The Swift letter echoes the points she made earlier when she pulled her wares from Spotify:

“In my opinion, the value of an album is, and will continue to be, based on the amount of heart and soul an artist has bled into a body of work, and the financial value that artists (and their labels) place on their music when it goes out into the marketplace.”

One of the more poetic renditions of the labor theory of value I’ve read. Here is another line from the same missive:

“Valuable things should be paid for.”

No. Its the added value of a good or service that commands a premium. Pearsall-Smith got this right when writing of the novelists of his age.

“The diction, the run of phrase of each of them seems quite undistinguishable from that of the others, each of whose pages might have been written by any one of his fellows.”

Thus, the question is whether the heart and soul each artist bleeds into their work serve to differentiate it in a way that matters from others. The effectiveness of music recommender systems suggests not.

Enough of `Swiftian’ logic and lets turn to the UK high court ruling. The Electronic Frontier Foundation complained that it contained more economic theory than common sense. An irritating remark as the level of theory barely exceeded that you would find in an intermediate micro-economics course. It makes me wonder whether the pundits at the EFFs ever went to college.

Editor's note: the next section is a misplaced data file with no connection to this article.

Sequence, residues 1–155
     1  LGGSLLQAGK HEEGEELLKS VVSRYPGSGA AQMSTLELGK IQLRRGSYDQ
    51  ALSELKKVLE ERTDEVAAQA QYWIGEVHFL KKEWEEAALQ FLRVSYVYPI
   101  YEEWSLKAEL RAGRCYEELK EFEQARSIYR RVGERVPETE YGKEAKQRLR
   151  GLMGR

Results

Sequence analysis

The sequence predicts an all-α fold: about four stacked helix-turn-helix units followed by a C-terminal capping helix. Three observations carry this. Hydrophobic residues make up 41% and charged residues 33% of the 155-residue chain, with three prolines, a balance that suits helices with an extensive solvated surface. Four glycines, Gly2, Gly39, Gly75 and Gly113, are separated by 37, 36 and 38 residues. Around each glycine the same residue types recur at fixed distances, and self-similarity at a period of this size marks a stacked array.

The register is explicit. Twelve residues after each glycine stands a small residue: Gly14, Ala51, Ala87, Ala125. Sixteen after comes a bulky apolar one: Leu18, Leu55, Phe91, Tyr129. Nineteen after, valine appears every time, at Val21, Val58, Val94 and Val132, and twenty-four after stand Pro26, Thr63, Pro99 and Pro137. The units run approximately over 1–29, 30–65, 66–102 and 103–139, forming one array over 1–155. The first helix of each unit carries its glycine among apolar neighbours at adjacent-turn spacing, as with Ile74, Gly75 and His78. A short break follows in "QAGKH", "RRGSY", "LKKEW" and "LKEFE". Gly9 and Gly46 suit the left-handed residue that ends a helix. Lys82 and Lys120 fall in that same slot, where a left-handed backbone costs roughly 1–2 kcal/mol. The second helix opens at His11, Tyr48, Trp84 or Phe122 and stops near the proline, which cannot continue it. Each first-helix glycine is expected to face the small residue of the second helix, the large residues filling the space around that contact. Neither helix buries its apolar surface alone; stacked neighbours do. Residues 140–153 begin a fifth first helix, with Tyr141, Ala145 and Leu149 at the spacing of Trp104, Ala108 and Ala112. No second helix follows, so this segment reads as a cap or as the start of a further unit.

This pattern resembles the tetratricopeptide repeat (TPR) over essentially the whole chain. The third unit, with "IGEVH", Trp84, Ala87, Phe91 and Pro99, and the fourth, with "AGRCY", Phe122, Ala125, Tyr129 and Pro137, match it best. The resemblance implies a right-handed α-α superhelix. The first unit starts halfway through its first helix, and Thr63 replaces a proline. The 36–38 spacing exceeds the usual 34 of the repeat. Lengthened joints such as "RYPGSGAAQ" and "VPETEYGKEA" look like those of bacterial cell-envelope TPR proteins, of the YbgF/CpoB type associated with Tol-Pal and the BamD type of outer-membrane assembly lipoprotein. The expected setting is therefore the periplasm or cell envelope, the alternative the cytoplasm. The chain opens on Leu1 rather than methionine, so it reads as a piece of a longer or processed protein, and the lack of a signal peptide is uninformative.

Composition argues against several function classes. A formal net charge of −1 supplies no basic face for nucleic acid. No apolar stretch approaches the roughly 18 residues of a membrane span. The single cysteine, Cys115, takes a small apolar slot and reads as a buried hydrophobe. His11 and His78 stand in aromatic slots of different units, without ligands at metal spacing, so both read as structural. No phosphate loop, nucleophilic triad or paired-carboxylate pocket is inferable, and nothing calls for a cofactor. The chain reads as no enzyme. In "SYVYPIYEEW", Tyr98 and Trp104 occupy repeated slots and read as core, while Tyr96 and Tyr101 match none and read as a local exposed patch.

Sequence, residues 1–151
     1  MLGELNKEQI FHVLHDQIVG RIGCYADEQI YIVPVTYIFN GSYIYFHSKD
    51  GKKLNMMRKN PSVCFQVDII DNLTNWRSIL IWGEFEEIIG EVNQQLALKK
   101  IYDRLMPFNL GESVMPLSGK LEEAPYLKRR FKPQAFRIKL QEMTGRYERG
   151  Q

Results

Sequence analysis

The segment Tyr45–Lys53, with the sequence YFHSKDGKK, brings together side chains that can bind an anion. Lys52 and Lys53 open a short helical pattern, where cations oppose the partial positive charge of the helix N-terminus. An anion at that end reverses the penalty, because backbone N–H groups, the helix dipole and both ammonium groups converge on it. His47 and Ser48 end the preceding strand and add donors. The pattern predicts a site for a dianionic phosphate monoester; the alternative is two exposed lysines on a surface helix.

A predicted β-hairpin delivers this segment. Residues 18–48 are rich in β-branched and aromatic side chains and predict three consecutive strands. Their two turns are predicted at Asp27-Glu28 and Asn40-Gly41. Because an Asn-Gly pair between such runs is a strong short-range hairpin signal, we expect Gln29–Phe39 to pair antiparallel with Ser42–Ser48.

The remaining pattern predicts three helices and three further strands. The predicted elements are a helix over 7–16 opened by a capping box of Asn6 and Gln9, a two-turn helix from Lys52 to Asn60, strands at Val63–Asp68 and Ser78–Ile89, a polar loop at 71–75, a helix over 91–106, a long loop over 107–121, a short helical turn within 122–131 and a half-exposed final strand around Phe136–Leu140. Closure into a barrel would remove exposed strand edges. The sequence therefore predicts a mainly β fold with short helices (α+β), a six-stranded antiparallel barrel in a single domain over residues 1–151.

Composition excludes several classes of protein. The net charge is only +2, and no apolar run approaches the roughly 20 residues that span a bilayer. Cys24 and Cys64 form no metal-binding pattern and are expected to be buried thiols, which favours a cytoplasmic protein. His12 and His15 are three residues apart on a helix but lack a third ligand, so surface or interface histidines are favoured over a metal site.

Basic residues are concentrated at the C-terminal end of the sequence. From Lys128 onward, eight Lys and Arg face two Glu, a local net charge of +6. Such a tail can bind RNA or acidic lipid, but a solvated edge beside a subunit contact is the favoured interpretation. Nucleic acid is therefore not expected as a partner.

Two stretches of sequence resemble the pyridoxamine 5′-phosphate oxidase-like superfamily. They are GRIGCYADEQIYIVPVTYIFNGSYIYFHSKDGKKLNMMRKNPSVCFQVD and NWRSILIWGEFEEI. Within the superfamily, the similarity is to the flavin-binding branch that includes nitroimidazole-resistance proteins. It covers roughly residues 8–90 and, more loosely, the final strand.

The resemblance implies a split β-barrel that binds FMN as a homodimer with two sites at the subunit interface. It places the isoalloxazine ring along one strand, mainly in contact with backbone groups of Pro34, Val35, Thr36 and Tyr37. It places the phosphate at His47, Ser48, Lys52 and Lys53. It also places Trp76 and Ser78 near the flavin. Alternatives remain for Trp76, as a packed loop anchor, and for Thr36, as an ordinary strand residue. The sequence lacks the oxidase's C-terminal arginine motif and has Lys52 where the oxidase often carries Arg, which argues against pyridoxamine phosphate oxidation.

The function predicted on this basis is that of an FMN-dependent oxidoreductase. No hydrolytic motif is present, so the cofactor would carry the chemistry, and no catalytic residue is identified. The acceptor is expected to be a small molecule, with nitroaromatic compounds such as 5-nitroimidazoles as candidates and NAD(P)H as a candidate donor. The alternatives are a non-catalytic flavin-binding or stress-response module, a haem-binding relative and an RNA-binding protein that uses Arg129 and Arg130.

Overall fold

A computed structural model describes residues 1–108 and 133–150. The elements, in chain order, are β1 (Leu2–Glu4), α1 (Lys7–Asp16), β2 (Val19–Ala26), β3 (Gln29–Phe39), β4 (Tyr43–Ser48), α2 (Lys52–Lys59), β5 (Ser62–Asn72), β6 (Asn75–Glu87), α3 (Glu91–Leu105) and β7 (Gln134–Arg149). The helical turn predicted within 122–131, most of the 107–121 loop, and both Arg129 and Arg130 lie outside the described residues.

The ruling is a perfect example of how consistency can become a procrustean bed. The UK government had earlier made the duplication of copyrighted material for personal use legal. It claimed that its reasons for doing were consistent with an EU copyright directive that requires the copyright holder to be compensated for forgone revenues lost to copying. The Judge concluded that the government’s rulings were, in fact, inconsistent with the EU directive and overturned it making copying for personal use illegal.